The FGA is also among the many conservative groups that have contributed to Project 2025, which aims to set the agenda for a second Trump presidential term.

Over the past year, a total of 10 states have introduced bills to ban basic income. "We think that in the next year they're probably going to go to 25 to 30 states, because they tested it out," Patel says. "People are going to stand up and fight back."

Patel says his group's not-yet-published polling finds majority support for basic income among not just Democrats, but also independents and younger Republicans. Democratic pollster Celinda Lake has found broad support for the idea of a federal guaranteed income program, something many advocates say is their ultimate goal.

The Texas legal challenge has had immediate consequences

Iowa's cash aid pilot has said it should be able to continue through its final payment in April 2025, since much of its funding is from private groups. But the lawsuit in Harris County, Texas, has had immediate consequences.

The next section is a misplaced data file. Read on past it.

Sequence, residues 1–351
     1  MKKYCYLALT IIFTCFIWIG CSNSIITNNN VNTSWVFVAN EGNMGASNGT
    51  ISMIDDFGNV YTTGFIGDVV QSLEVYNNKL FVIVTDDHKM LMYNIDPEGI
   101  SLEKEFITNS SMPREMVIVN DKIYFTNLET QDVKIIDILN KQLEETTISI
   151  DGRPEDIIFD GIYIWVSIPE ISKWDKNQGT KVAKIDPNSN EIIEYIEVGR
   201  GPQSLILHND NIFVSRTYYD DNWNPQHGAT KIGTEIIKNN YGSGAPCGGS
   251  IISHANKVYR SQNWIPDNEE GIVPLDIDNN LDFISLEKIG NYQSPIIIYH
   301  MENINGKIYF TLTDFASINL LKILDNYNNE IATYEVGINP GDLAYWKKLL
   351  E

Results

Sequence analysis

Last month, the Texas Supreme Court temporarily blocked the program a day before the first $500 payments were supposed to go out. That's left 56-year-old Carmela Valdez Nunez anxious and desperate.

"I just got to pay my rent and my bills," she says. "That's the thing I need, because I don't want to be under the freeway."

She thanks God she's never been homeless, but is behind on bills and worries about it a lot. Valdez Nunez used to clean offices and care for seniors. But she's disabled now and says she barely gets by on Social Security, a housing voucher and $23 a month in food aid.

"I just buy eggs, like tomato, onions, bread, bologna and cheese. That's all I have enough to buy," she says, and it only lasts a week.

Valdez Nunez says she's gotten used to enduring hunger for long stretches. If the basic income program is allowed to go through, the first thing she'll buy is food.

Copyright 2024 NPR

Jennifer Ludden helps edit energy and environment stories for NPR's National Desk, working with NPR staffers and a team of public radio reporters across the country. They track the shift to clean energy, state and federal policy moves, and how people and communities are coping with the mounting impacts of climate change.